Undersheriff Jon Hess and Chief Deputy Michele Young were on hand to explain the contract and answer questions from the council. Sheriff Larry Stelma was also there, as was Sgt. Kelley, who will be the transition sergeant and most likely the supervising sergeant once the transition takes place.

Young said she expects the savings to the City to be about $119,000 for 2015. She explained that by using the township pool, their costs would be lower, since there will be 34 officers in the pool. Our five would make up about 15 percent of that. “They are joining us at a mid-range (on the pay scale),” explained Young. “That’s a minor raise for them. But with the pool you won’t see those high spikes.”

Kent County Sheriff DeptThe five full-time officers were given welcome packets, which also contained an application. The Sheriff Dept. hopes to give them an offer of employment by the end of this week. The target starting date is November 7. Those officers will stay in the Cedar Springs unit unless they decide they want to move elsewhere. Many residents did not want to lose their officers, and with the offer for the full time officers to stay here, residents will still see familiar faces. 

While the part time officers don’t get that same offer, Undersheriff Hess said they have a lot of part time positions open. “We have some openings we have purposely kept open in case they want to apply,” he explained. He also mentioned that there are opportunities for the reserves as well.

The Cedar Springs unit will use the current Cedar Springs Police offices at City Hall. Officers will begin and end their day there. The sergeant will be there daily, five days a week, and serve as the supervising officer for the patrol deputies. A sector lieutenant will also give oversight to the unit.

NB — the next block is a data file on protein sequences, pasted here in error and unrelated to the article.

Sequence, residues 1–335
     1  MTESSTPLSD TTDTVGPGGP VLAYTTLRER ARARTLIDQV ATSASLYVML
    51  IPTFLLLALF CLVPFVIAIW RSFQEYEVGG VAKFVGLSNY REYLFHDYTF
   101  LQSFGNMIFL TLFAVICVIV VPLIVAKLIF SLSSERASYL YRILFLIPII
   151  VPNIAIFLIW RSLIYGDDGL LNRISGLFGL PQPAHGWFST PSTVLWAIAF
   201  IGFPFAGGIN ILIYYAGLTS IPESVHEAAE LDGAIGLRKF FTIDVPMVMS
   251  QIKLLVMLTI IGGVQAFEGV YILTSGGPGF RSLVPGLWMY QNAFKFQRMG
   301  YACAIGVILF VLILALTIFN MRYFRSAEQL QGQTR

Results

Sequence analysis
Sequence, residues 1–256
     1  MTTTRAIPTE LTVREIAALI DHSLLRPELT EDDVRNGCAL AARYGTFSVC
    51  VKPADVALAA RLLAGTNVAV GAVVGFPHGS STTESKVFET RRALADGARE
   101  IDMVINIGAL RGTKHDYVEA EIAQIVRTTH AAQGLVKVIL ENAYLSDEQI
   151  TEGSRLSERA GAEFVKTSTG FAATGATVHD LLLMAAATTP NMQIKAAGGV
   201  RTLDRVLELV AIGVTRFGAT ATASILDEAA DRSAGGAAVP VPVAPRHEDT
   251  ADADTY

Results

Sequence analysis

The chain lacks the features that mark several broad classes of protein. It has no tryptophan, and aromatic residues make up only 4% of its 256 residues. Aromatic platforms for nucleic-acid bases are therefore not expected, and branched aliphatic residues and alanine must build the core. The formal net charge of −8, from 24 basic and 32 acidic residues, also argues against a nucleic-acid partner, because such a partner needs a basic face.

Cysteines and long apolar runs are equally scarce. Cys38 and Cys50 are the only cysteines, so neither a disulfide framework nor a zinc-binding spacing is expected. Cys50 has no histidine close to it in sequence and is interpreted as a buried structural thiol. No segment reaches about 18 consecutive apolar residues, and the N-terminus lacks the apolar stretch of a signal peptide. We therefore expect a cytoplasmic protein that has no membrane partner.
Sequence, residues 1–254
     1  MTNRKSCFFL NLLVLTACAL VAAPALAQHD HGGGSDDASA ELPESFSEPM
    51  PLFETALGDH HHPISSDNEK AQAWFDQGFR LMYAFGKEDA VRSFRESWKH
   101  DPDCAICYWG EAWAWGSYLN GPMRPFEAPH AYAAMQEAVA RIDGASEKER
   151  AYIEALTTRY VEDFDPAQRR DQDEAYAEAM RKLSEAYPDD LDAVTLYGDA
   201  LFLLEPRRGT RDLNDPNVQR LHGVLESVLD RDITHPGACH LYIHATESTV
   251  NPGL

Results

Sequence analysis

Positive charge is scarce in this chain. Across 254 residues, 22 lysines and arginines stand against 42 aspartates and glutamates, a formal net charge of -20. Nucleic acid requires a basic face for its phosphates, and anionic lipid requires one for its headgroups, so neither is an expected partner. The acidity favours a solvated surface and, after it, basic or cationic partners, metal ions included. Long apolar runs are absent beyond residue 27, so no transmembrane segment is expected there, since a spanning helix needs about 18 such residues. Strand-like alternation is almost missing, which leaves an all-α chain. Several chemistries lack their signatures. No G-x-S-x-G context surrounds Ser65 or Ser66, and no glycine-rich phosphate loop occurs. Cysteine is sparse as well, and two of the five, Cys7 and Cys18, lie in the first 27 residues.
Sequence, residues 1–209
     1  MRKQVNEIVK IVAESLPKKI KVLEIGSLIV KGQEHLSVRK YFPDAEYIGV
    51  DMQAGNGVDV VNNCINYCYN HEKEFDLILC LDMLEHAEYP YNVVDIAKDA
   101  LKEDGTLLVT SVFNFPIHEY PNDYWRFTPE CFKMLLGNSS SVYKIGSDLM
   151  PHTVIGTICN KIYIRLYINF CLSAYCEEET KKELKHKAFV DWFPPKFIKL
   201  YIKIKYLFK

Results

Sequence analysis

There will be on deputy on patrol each 12-hour shift. If Cedar Springs decides they need to add a deputy for a short time period, they can do that, but there would be a charge.

The officers will enforce all the city ordinances, like they do now, as well as all other laws. They will also respond to private property accidents, help unlock cars, and respond anytime an officer is requested, the same way they do now. Those were some things Cedar Springs specifically asked for.

All police equipment will be turned over to the KCSD and used for half of the allocation costs. The other half are being waived for the 5-year agreement.

The agreement can be rescinded anytime with 60 days notice.

The city and the Sheriff Department have worked on this agreement for several months. The City Council asked the City Manager to look into possibly contracting with the Sheriff Department after Police Chief Roger Parent announced his retirement earlier this year.

The City thanks our police officers for their years of dedication to the community, their patience and understanding during this difficult time and most importantly, wishes them well going forward,” said City Manager Thad Taylor.

This is the first time anything like this has been done in Kent County.

“The city manager and the city council took a bold, innovative and progressive step as they seek to collaborate with the Sheriff’s Office for law enforcement services,” said Sheriff Larry Stelma, who also lives here in Cedar Springs. “I thank them for the trust and faith that they have placed with us and we look forward to serving the Cedar Springs community.”